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Accurate Machine Piecing


This is the fourth of five articles on Accurate Rotary Cutting for Accurate Machine Piecing. The prievious articles have looked at fabric preparation and folding, trimming the edge and shape cutting. At last, it is time to use the sewing machine and endeavor to accurately machine piece the star.

In the previous article, the final instruction was to prepare some run-ons, and run-offs. Have them ready to use.

The first step in creating this star, is to make the star triangles and star filler triangles. Four Flying Geese units are made. Below is a Flying Geese unit.



To achieve very accurate piecing the following "quickie" method is used. Take the 4 x 1 7/8" squares and the 1 x 3 1/4" square to the ironing board. Using a very light squirt of spray starch, spray the right side of two of the small squares, and the right side of the large square. Be careful not too overdo the starch. If too much spray is used, there is a chance the fabric will shrink.

Place the small squares on diagonal corners of the 3 1/4" square as per illustration. Be precise when placing these squares. The small squares should slightly overlap in the middle, and fit exactly into the corner.

Using the iron press together the two small squares onto the large square. Notice that the spray starch actually gives body to the fabric and also holds the pieces together in such a way that there is no need to pin. Pins tend to skew when stitching on the diagonal, so the spray starch does the job.

Carefully take the unit to the sewing machine and using a very fine pen or pencil and ruler, draw a diagonal line from one small square to the other as the illustration below demonstrates.



Take the unit to the machine and place a run-on under the needle and stitch to the end of the run-on. Gently place the unit under the needle and sew a 1/4" away from the drawn line. To do this, place the edge of the 1/4" foot on the drawn line. Sew right across the diagonal, over the second square to the other corner. When sewing is complete, before cutting the thread, place a run-off under the needle and sew to the end, in readiness for the next stitching. Cut the thread, and cut the run-on away.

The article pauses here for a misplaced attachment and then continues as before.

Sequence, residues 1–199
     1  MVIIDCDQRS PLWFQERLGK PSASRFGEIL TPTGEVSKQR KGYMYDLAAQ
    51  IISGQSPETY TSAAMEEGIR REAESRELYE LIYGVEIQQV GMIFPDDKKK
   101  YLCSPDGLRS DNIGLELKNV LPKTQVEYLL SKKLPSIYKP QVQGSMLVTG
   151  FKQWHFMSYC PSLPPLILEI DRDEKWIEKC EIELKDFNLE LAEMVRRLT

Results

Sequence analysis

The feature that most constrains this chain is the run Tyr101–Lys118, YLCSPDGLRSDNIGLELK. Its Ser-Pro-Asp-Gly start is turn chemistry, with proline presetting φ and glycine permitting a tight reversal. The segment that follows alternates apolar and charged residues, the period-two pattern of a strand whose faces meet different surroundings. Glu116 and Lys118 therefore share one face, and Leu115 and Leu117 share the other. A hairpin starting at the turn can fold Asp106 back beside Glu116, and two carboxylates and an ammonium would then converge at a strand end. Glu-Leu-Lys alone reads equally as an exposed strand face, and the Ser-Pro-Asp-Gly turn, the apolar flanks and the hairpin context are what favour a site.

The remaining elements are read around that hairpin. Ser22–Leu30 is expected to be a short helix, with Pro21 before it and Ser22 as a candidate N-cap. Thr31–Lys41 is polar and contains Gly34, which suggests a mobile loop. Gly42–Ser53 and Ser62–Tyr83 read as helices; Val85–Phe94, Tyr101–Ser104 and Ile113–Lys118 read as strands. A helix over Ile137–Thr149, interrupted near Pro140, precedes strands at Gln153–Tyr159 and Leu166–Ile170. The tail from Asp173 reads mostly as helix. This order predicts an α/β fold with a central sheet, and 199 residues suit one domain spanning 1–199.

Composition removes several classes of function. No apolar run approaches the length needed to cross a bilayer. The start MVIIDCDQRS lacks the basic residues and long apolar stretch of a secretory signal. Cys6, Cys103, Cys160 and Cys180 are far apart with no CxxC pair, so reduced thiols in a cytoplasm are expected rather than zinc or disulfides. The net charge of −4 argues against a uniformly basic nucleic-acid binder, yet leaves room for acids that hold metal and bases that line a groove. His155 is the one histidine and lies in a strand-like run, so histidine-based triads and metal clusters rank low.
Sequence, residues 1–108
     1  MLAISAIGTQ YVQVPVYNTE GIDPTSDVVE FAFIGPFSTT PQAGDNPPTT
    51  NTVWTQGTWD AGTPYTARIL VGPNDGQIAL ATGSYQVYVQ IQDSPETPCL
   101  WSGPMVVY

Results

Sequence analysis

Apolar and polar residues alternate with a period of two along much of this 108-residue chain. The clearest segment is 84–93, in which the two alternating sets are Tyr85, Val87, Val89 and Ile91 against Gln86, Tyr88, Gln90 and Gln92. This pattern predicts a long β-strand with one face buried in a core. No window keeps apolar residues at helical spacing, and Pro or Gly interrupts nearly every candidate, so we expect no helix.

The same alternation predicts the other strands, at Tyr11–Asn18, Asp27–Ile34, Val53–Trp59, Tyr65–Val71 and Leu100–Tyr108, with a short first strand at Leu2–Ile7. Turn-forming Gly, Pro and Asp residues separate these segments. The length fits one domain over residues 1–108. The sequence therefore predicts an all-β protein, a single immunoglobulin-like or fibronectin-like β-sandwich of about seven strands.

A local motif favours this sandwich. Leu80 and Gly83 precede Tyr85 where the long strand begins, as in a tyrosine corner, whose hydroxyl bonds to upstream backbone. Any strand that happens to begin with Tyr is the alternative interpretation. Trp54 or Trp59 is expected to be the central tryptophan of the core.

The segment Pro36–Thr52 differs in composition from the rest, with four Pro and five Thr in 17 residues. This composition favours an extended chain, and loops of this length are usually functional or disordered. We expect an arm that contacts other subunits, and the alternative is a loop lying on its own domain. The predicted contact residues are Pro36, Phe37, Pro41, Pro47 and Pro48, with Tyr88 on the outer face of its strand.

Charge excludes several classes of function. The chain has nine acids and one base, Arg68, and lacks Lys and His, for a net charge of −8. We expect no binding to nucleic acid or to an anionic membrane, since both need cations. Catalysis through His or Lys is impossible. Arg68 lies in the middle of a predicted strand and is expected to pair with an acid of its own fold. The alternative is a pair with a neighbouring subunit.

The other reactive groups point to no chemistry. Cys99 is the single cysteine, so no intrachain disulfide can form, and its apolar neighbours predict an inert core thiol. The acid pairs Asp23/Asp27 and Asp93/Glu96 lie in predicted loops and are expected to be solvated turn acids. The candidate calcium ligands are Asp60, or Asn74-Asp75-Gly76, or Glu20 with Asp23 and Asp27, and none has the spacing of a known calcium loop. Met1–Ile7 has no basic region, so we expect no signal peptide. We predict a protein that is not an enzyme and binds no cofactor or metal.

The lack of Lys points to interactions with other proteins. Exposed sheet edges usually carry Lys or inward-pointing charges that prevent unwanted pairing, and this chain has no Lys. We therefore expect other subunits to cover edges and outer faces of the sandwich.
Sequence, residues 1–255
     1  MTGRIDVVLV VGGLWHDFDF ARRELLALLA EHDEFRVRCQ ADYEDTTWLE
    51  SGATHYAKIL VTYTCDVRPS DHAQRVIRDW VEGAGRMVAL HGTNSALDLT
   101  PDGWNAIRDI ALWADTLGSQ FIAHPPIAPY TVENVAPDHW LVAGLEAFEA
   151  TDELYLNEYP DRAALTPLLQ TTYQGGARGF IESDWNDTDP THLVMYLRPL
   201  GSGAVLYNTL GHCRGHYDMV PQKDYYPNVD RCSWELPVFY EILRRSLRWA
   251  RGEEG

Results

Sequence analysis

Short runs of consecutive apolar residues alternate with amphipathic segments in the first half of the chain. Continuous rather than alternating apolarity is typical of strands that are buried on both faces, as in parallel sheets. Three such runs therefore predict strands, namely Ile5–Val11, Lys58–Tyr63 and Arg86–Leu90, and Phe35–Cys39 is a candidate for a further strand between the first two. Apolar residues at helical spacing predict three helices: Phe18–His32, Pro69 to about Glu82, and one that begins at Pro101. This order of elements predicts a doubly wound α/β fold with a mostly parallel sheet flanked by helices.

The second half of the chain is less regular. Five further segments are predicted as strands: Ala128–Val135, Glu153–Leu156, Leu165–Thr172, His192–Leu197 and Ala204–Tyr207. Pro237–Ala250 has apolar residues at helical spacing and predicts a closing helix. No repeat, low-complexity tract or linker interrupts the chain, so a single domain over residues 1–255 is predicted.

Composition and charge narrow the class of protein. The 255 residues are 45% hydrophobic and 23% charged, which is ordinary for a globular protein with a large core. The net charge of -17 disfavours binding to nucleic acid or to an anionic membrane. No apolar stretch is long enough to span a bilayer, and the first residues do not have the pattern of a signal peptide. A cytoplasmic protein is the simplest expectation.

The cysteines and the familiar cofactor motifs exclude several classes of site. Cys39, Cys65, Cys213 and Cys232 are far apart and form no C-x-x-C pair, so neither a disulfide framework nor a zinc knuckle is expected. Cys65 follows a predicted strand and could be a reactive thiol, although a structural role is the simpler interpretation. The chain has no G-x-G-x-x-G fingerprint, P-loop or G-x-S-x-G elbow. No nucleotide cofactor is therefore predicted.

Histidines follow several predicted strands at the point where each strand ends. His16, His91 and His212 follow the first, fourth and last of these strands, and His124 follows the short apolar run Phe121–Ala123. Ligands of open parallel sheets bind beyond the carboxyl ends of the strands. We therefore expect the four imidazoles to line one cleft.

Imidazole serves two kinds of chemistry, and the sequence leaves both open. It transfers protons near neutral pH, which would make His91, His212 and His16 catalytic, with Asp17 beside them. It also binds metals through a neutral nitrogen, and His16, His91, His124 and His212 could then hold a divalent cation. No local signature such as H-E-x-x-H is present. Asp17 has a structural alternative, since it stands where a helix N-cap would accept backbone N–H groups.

Turn the unit around and stitch the same way on the other side of the drawn line, again placing the 1/4" foot on the line. Don't forget to sew into a run-off after the unit sewing is complete, in readiness for the next stitching.

Rotary cut on the line and take the two units to the ironing board.
The units should look like the top diagram before you iron



One of the most useful hints I know of when pressing is to "set the seams" first. It is a old tailors trick and it works even on fine cotton. Press both sides of each unit, on the stitched line. The heat from the iron embeds the thread into the fabric and makes for a neater more accurate pressed seam. Once the seams have been set, press the small triangles away from the large triangle. The units should look like the bottom diagram after ironing.

Take the remaining two small squares, and very lightly spray the right side of the two small squares, and the right side of the two units. Place one square on the corner of each of the large triangles and press to keep them firmly together.
Draw a diagonal line down the middle of the small square on both units as illustrated below



Place one of the units under the needle. Using a run-on first, sew a 1/4" from the drawn line. To do this, place the edge of the 1/4" foot on the drawn line. Do the same with the second unit. Use a run-off. Cut the thread, and cut the run-on away from the two units. Turn the units around and sew another seam 1/4" away from the drawn line. Do the same with the second unit. Use a run-off on completion.

Rotary cut on the drawn line of the two units and take them to the ironing board.

Set the seams first, then carefully using the point of the iron press the small triangles away from the large triangle. Cut the nubs off each of the units. Each unit has three nubs. These are the pointy bits that stick out. If these do not get trimmed before being pieced into a star, the bulk will distort the star and the unit will not sit flat.

Four flying geese units have been created. Congratulations!

The next and final article will offer the final instructions for piecing the rows together.

Just a reminder - if you have any queries regarding these instructions, contact me via the forum, so others quilters can see your question and my answer.

Here is the link: http://forums.bellaonline.com/ubbthreads.php?ubb=showflat&Number=406248#Post406248
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Content copyright © 2014 by Judie Bellingham. All rights reserved.
This content was written by Judie Bellingham. If you wish to use this content in any manner, you need written permission. Contact Judie Bellingham for details.

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